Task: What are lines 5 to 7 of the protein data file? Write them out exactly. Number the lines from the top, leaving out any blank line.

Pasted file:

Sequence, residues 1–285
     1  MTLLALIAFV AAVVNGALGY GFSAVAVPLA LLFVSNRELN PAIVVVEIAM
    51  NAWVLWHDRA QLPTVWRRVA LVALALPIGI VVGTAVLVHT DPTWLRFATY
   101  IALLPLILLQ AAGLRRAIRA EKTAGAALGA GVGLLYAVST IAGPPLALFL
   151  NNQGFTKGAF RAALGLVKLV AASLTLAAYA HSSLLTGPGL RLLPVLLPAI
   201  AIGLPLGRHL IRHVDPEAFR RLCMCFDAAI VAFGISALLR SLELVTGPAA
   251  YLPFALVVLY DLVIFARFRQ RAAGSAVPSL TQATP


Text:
   151  NNQGFTKGAF RAALGLVKLV AASLTLAAYA HSSLLTGPGL RLLPVLLPAI
   201  AIGLPLGRHL IRHVDPEAFR RLCMCFDAAI VAFGISALLR SLELVTGPAA
   251  YLPFALVVLY DLVIFARFRQ RAAGSAVPSL TQATP